The last two decades have been challenging times for British business and as the country approaches the momentous decision regarding EU membership, there are more challenges ahead. Whether we remain part of Europe, formally or not, the debate over membership has shone a light on our trade agreements and our competitiveness.
In a discussion on the top innovations over the last 30 years, Thomas Colligan, vice dean, Wharton Executive Education, says that:
“Innovation creates new revenue streams,” … “It’s a mindset that needs to be started at the top of the organization to allow people to experiment and try different things. It’s the opportunity to break through existing models that not only allow for new innovations, but also challenge executives in organizations that have that type of mindset to attract top talent.”
Innovative approaches pay off in terms of revenue and profit and are crucial in increasingly competitive economies.
British inventiveness and innovation needs to be matched by an innovative approach to process
The British mad scientist, crazy professor, eccentric entrepreneur may be the stuff of cartoons, but it is undeniable that a creative and innovative streak is apparent in this country. Our manufacturing base has dwindled and many would argue that we are fast becoming a service industry only country – not true!
The growth of our film industry is testament to the combination of innovation and innovative approach to delivery. Within film are a great deal of processes, technical and creative. It is not just our actors and directors doing well globally, but our film studios and the whole support network that goes with them of technical expertise.
Innovative ideas can only get you so far, the true innovation is how those ideas are delivered. An innovative approach to business needs to consider implementation as much as the original idea.
Some great examples of this can be found by considering how other industries solve their problems – imitation is after all the sincerest form of flattery. This is known as cross-industry innovation
Cross-industry innovation is a clever way to jump-start your innovation efforts by drawing analogies and transferring approaches between contexts, beyond the borders of your own industry, sector, area or domain. These analogies can be drawn at various levels, from products to services, to processes, to strategies, to business models, to culture and leadership.
Perhaps one of our greatest success stories in terms of process innovation is Sir James Dyson- much imitated now with his cyclonic vacuum cleaner. The word “Hoover” was synonymous with the act of vacuuming, such that it became a verb. To “get the Dyson out” is the 21st century equivalent. Part of Dyson’s inspiration for the new process came from a nearby sawmill- he thought of how it used ad cyclone – a high cone that spins dust out of the air by centrifugal force – to expel waste.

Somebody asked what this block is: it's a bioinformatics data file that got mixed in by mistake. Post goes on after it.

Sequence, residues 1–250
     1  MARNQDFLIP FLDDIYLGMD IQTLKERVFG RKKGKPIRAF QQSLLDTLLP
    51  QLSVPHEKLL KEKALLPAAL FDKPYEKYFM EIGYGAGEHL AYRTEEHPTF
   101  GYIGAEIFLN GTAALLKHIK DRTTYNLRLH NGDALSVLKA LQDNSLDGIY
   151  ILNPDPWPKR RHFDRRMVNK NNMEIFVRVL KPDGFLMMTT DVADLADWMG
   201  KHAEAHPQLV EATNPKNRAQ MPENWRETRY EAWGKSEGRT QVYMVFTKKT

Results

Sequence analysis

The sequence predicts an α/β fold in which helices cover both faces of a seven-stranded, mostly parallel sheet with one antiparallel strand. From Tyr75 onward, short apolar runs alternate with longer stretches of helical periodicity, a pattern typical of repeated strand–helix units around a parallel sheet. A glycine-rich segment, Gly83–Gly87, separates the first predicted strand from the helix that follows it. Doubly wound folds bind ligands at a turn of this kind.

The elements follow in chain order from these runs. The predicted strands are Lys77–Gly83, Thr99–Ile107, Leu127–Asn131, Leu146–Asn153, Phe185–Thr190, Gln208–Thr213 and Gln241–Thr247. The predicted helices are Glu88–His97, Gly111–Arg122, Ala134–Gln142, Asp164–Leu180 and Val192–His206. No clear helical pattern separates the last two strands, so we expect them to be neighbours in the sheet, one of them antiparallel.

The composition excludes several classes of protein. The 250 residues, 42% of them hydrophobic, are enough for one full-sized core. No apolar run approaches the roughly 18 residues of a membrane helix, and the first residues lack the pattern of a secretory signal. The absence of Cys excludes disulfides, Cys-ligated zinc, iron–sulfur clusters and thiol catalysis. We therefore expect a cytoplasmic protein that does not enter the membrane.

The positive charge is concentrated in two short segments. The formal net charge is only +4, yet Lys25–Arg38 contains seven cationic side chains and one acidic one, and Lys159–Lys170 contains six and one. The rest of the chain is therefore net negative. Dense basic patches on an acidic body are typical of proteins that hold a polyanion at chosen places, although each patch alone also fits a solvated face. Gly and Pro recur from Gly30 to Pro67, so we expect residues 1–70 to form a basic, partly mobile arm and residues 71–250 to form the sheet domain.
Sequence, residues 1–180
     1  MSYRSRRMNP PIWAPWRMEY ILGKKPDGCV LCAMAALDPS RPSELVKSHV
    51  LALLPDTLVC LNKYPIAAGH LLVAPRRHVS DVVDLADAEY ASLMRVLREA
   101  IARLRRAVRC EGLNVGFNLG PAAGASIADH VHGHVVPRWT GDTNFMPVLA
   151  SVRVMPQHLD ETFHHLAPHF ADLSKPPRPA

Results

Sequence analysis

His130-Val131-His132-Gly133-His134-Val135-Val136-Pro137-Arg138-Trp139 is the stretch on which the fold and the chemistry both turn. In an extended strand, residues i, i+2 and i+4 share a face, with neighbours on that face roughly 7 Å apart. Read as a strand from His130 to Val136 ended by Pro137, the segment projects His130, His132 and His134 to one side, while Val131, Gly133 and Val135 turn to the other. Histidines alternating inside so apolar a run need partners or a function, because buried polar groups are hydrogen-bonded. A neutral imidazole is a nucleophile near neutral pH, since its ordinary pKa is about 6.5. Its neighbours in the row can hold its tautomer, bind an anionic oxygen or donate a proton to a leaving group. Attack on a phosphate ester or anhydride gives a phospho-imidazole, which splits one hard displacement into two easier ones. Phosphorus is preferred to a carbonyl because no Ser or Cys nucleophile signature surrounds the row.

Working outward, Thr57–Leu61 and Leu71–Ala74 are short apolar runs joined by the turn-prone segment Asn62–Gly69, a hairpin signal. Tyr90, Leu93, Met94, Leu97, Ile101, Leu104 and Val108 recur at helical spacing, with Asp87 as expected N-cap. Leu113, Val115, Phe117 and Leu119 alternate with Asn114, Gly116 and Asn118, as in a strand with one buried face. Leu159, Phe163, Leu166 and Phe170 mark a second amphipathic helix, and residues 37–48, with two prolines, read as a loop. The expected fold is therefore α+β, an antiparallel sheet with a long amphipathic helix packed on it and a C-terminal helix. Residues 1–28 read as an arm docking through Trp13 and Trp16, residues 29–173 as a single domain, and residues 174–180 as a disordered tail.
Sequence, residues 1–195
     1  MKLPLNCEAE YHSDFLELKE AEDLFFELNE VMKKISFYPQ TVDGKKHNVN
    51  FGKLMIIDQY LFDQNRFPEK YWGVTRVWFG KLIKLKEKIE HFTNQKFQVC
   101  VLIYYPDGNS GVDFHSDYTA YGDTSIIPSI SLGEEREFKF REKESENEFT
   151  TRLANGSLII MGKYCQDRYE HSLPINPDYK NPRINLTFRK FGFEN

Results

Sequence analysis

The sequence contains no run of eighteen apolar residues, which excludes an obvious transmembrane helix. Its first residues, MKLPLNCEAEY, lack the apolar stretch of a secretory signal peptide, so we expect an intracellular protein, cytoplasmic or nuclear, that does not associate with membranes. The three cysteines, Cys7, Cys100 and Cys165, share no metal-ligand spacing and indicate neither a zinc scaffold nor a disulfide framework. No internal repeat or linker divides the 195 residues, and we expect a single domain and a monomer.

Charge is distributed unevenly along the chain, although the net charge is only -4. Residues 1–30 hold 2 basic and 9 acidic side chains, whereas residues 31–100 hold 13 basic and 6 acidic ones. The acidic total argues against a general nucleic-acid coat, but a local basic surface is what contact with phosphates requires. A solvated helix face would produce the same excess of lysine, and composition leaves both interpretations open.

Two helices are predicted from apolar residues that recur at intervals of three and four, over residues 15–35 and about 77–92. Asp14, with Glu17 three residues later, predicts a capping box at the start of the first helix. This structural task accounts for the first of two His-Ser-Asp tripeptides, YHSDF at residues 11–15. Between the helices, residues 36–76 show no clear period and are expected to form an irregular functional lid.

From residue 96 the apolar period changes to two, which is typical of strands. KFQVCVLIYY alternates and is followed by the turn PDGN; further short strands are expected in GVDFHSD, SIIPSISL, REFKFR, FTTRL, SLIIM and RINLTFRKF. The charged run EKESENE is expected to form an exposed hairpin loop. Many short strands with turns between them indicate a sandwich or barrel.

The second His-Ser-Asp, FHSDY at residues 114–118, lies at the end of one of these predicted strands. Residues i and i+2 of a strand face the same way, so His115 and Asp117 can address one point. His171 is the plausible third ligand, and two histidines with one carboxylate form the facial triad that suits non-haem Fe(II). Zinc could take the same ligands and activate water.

Innovation does not have to be coming up with a whole new product or system- often the most successful innovative approach is to take something that is lacking in functionality and improving it.
Business tips to adopt an innovative approach
- Stop thinking, “We’ve always done it this way”
- Look at drawbacks in current process, product, system and focus on improving those.
- Look at other industries for inspiration
- Look to nature for inspiration (ergonomic design has a lot of examples in nature)
- Look internally to see where employees have made their own personal adaptations to make things easier- apply globally
- Look to the Arts where eccentricity brings a fresh perspective to old ideas
- Develop an internal culture of encouraging the sharing of ideas – innovation could be right on your doorstep.
- Take some risks with recruitment and employ the unconventional thinkers
An innovative approach may have some inherent risks and established companies tend to stick to what they know already works- and then watch their profits go to the new start up that has a different approach.
Big business needs to shift its thinking and encourage innovation, at least on a small scale within its organisation. Todays’ wacky idea could be tomorrow’s breakthrough. If business doubts that this is the way forward in today’s increasingly competitive market, I would say, think of Leonardo Da Vinci- regarded as eccentric to say the least- but a man ahead of his time. Wouldn’t it be great if a future da Vinci emerged from British business?